Here CLA South East Regional Director Michael Valenzia reflects on an unprecedented 2020 and looks ahead to a crucial year for farming, the rural economy and communities across our region...
With the looming prospect of Brexit and a new Agriculture Bill passing through parliament, 2020 was going to be a challenging year for rural communities across the South East; then a global pandemic appeared and added to the wave of uncertainty.
Those who have diversified their rural businesses into the tourism and hospitality industries have been particularly hard hit, despite the effort many have put in to find ways to survive. And while it is promising to hear of the progress of a vaccine, it could still be many months before we see any return to business as usual.
While it is difficult to consider too many positives that have arisen during the pandemic, the crisis presented those who work in the food and farming sector a chance to increase understanding among the general public of their vital work.
In the early stages when the big supermarket chains struggled for many weeks to supply eggs, flour and yeast for example, it was the local independent farm shops, with short supply chains and high quality, locally sourced produce that filled a much-needed gap. The increased number of visitors to the countryside has helped people appreciate the diversity of the land and how it is managed, to both feed the country but also to provide an attractive and healthy environment for many to enjoy responsibly.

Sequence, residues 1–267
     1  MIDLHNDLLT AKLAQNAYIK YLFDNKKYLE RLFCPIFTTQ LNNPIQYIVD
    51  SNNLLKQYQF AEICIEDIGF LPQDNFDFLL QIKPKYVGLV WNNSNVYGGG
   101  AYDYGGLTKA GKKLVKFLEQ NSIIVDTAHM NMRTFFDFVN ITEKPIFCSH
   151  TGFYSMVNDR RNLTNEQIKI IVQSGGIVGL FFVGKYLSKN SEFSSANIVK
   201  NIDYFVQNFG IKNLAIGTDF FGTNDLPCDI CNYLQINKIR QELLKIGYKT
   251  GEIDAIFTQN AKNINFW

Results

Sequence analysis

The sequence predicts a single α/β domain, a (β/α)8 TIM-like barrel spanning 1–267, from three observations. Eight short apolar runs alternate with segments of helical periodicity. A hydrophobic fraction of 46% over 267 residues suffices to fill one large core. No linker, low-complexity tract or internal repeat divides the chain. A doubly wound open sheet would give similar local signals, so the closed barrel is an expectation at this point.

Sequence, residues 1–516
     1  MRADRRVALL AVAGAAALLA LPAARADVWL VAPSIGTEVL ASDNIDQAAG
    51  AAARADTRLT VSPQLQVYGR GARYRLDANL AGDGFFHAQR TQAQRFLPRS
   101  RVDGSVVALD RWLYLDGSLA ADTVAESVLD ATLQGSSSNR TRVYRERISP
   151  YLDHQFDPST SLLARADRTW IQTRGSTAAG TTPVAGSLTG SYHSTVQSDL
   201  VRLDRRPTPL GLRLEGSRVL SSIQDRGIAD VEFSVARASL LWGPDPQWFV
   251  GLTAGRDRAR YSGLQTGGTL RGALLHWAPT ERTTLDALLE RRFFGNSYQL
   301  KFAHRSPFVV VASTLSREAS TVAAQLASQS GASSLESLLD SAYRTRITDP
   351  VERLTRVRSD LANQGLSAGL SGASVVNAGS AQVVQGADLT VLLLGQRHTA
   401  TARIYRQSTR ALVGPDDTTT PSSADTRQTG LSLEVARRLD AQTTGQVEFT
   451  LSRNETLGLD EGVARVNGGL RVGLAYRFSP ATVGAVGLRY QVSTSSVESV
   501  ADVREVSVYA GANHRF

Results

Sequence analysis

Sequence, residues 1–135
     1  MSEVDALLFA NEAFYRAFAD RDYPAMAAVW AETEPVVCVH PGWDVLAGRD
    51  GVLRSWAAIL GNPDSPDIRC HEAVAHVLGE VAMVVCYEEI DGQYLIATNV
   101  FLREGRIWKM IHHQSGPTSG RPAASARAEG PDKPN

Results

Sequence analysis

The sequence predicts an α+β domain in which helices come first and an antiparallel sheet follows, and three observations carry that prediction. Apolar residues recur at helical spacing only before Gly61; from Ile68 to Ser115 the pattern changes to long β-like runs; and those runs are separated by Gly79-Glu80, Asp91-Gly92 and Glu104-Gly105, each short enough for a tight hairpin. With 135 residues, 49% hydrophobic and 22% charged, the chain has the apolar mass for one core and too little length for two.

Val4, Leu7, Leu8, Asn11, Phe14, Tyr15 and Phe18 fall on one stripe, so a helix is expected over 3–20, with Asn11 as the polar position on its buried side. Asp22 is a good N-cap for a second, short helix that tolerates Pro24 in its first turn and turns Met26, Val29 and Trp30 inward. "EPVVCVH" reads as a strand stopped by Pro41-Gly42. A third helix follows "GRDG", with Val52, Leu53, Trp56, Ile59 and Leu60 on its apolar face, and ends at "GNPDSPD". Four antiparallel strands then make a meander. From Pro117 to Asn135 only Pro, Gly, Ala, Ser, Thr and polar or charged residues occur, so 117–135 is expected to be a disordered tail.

2021 will be a pivotal year for farmers and landowners across our region. New agricultural policy will be implemented, with cuts in direct payments to farmers and there will be pilots for the new Environmental Land Management scheme (ELM). CLA South East, which represents thousands of farmers, landowners and rural businesses in Kent, Hampshire, Surrey, Sussex, Berkshire, Buckinghamshire, Oxfordshire and the Isle of Wight, is working with our members to look at how they can make the most of their natural capital. This could include working with the private sector on carbon off-setting, planting new trees or biodiversity net gain opportunities.
Climate change has also been a key focus of the CLA agenda throughout 2020 and will continue to be so in 2021, with the UK hosting COP26, the major global climate summit, in mid-November. The CLA team is supporting rural businesses on a range of topics, from alternative farming methods and water management to energy efficiency of rural housing and renewable energy networks.
2020 has been a year like no other but rural communities and the businesses that operate within them are extremely resilient, agile and open to change. They are often at their strongest when faced with adversity. Let’s hope 2021 gives them more to cheer.
CLA South East Regional Director